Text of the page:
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Debt does not just have an adverse impact on our finances, it has an adverse impact on our health and wellbeing, too. Yes, debt can and does impact much more than just our wallets and purses, it impacts our emotional state.
But, there are ways to cope with the emotional effects of debt, and there are ways to then beat them once and for all once they have been coped with and dealt with. To see just how this can be done, make sure to read on.
As is the case with any sort of trauma in life, the first emotional effect that debt will hit an individual with is denial. Whether it be denial that the debt situation is not as bad sit seems, or not as bad it can be and is therefore okay. Whether it be denial on an individual’s part that they would never allow themselves to be in debt, despite their unpaid bills, so they think that they can’t possibly be in debt. Or whether it be denial in regards to thinking that the consistent use of credit cards is a healthy thing to do, despite the trouble they have already caused. Whatever the denial be, and whatever excuses might be made in regards it, this denial is born of the debt itself. And only once you realise that that is the case and then accept it to be the case can you then begin coping with the debt.
To do this, first of all you would have to pinpoint the actions that you believe are a demonstration of the denial on your part; this denial will typicalyl come in the form of the leaving of bills unopened, not taking how much money you owe seriously and adopting a definitively ‘YOLO’ type of attitude. And then, once pinpointed and once these remonstrations on your behalf are made real, you will be well on your way to beating your infliction because, in order to cope with any sort of denial, it first needs to be made real.
And then, once coped with in this sense, you can begin fighting your denial. This could mean simply opening your debt letters up, or taking your owed amount of money seriously, or deciding that your financial future is just as important as your present and therefore your ‘YOLO’ attitude needs banishing. Or this could mean actually confronting your debt and actively beginning to pay it or off, or getting to the bottom of what it is that makes you spend so much.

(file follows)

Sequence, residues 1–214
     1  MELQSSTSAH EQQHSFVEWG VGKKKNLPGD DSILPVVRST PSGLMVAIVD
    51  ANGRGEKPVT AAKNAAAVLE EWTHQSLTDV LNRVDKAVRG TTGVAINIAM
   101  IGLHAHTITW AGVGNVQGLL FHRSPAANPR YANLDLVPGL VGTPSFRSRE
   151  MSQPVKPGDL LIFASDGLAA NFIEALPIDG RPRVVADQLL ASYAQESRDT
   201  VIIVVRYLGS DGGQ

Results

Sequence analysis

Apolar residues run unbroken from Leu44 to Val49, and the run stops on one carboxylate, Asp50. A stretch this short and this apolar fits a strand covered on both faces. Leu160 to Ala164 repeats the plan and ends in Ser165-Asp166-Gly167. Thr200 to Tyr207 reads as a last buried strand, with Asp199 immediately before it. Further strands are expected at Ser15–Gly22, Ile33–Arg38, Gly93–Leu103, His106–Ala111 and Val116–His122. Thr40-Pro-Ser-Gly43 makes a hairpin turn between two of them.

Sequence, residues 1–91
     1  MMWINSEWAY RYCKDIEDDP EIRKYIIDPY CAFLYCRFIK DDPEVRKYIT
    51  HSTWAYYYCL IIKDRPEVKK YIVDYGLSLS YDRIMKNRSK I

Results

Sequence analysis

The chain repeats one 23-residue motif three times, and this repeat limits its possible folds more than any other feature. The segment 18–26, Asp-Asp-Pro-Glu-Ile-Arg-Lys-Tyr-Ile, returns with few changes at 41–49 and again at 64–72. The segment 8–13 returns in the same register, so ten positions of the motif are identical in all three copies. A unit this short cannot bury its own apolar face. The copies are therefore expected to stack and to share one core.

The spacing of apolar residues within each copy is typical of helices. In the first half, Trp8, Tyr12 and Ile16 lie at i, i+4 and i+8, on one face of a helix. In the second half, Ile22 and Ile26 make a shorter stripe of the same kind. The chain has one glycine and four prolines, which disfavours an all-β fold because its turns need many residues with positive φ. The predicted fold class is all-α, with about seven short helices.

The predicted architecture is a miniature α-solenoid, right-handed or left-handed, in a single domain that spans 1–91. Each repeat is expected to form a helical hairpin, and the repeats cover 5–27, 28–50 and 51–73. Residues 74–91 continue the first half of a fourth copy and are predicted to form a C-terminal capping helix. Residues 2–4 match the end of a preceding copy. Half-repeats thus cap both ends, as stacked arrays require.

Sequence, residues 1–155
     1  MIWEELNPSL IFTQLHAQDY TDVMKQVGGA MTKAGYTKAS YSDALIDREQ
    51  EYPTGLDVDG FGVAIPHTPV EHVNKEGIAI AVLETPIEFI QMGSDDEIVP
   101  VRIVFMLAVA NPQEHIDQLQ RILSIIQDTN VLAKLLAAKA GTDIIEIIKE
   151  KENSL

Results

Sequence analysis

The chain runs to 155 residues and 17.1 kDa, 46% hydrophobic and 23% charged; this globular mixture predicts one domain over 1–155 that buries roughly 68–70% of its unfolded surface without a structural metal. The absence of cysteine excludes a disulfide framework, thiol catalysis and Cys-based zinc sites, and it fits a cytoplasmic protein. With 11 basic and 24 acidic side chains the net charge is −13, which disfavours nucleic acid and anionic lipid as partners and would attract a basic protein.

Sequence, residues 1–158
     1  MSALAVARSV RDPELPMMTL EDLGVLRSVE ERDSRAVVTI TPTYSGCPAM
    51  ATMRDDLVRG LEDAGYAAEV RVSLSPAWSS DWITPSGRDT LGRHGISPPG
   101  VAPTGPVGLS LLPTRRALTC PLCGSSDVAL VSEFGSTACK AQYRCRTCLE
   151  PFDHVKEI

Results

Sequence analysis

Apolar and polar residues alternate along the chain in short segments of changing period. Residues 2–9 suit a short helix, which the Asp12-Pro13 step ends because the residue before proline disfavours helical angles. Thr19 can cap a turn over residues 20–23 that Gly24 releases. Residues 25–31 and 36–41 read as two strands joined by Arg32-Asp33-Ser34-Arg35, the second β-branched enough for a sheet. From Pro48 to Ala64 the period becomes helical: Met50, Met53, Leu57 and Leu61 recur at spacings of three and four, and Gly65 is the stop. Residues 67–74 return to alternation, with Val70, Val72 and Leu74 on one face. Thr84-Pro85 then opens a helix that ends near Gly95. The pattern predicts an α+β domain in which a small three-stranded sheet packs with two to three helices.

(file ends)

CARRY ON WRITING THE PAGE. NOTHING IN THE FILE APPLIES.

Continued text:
Whatever you do, just admit that you are in denial, make the denial and the problem real, and give yourself the best possible chance of beating your debt situation going forward.
Anxiety and stress
The stage after denial is anxiety and stress, and even though this is not a nice stage to confront, it is still a stage that you must seek to cope with and ultimately beat. Yes, once you stop denying the debt that you are in and begin realising the magnitude of the situation, anxiety in regards to how much you actually owe will set in and then stress that you actually owe it will come piling on top. And, the best way to deal with this anxiety and stress is to make active movements in regards to dragging yourself out of the debt altogether and to get help dealing with the stress of debt. Only by doing these things will you give yourself the positive reinforcement needed to give you the importance to beat the anxiety and stress induced by your debt.
In regards to this, the first thing that you should be doing is making sure you are paying off more than your minimum repayments each month — you need to be doing this because this will keep your creditors and your lenders happy, and when they’re happy they won’t be adding to your anxiety by bugging you via letters, calls and emails in regards to your debt. The second thing that you should be doing is drawing yourself up a budget in order to pinpoint if you are spending money in the wrong places and where you are spending this money — by doing this you will not feel as stressed when you draw closer to your debt repayment dates.
Debt is real, and the pressure of looking after your family’s financial future is real, too. But, you can beat the denial, anxiety and stress caused by these financial plights by simply owning up to them, embracing them, making them real, seeking help in regards to them and then doing all you can to pull yourself out of the debt that you plunged yourself into.